The duration of the Shingles treatment period varies depending on the severity of the disease. The infection generally lasts for two to six weeks. The following information will help you understand what you should expect during this period. Read on to learn about treatment options for Shingles. A herpes zoster vaccination is an effective way to prevent the disease, as it will protect you from it. Also, learn about the complications of Shingles and its treatment period.
Herpes zoster vaccine prevents shingles
The current guidelines for herpes zoster vaccination recommend against vaccination in people with weakened immune systems, but a few exceptions have been found. For instance, people on immunosuppressant drugs and autoimmune diseases may be safe to receive the vaccine. Though zoster is most common among adults, it does develop in children on occasion. Children with immune deficiencies and children who had chickenpox before they were one year old are at the greatest risk. Immune-impaired individuals are also at a higher risk of contracting zoster, while the first episode can help boost the immune system. Most people who get zoster have only one episode. Recurrence is rare in people who are non-immune and have had chickenpox once or twice.
In addition to causing a painful outbreak, the disease can result in the development of herpes-related complications. The most common is an infection in the retina, which can lead to vision loss. This complication is often associated with a herpes outbreak on the face, but it can also occur anywhere on the body. While the virus can cause painful rashes on the face, it can cause eye infections. Symptoms are not immediately apparent, and they may take months or years to develop.
Herpes zoster infection lasts between two and six weeks
The most common complication of herpes zoster is postherpetic neuralgia, which is a pain in the area of the rash for more than 90 days after the rash appears. It may last for days, weeks, months, or even years. Treatment depends on the location of the blisters and the severity of the symptoms. The duration of the pain will vary depending on the severity of the infection.
Herpes zoster is caused by a virus known as varicella-zoster. This virus is the same one that causes chickenpox and remains latent in the dorsal root ganglia of the brain. People who have chickenpox are at risk of contracting shingles if they have not had the illness before.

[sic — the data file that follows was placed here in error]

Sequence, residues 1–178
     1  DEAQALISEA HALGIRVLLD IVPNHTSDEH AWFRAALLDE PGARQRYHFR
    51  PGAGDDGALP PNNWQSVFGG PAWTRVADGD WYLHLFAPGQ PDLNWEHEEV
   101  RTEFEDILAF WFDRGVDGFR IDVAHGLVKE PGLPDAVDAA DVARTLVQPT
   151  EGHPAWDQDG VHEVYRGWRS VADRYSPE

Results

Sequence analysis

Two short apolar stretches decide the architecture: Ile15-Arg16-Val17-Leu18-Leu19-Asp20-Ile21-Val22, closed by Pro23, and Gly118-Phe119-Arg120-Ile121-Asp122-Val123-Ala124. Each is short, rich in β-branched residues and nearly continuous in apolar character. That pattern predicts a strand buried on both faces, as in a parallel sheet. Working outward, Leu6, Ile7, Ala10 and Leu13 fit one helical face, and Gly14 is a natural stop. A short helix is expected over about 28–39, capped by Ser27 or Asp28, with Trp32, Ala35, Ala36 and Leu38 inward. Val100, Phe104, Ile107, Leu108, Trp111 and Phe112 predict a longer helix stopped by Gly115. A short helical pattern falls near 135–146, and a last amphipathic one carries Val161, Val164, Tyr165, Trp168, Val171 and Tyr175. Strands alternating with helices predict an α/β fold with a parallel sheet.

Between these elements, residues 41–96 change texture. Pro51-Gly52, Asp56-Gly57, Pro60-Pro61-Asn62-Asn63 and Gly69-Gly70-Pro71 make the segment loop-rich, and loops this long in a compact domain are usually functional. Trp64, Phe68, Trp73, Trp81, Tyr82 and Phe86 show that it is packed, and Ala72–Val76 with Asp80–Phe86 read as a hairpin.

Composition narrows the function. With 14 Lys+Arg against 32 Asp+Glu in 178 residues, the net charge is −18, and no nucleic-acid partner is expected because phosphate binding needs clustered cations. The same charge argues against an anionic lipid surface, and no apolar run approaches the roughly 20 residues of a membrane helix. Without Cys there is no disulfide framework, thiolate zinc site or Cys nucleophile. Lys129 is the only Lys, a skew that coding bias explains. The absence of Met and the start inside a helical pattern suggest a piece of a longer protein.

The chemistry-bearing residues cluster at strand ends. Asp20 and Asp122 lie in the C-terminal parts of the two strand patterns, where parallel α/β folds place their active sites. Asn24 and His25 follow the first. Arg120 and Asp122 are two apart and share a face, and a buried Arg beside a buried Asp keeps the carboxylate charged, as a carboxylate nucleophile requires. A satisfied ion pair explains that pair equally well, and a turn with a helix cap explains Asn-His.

Complications of shingles
When considering shingles treatment, it’s important to remember that the infection is rare, but it can still cause complications. Regular care is essential, and shingles are no exception. A visit to your doctor can help monitor the condition and detect problems that are unusual for the rash. Read on to learn more about the common side effects of shingles treatments. A child with a healthy immune system should not need antiviral medication.
Eye infection can occur in about two percent of cases. It’s more common if the rash affects the skin around the eye. This type of rash can damage the retina or cause inflammation. In rare cases, it may lead to vision loss. The good news is that eye infections are treatable with antiviral medications. The following are complications that can occur after shingles treatments:
There are several Shingles treatment options. Usually, the disease goes away on its own, but it is possible to develop complications that can cause pain. These can occur on the skin and nerve fibers. This type of damage can affect neurons and nerve cells, resulting in pain, even when the symptoms are not active. Several types of medications are available for treatment. In addition to antivirals, a doctor may prescribe a steroid.
Symptoms of shingles are similar to those of chickenpox, but they are usually more severe. Unlike chickenpox, Shingles is caused by the same virus. It manifests as a sore, red rash with liquid-filled blisters. However, it is important to remember that Shingles are not the same as hives, which are raised, itchy welts on the skin, usually caused by an allergic reaction.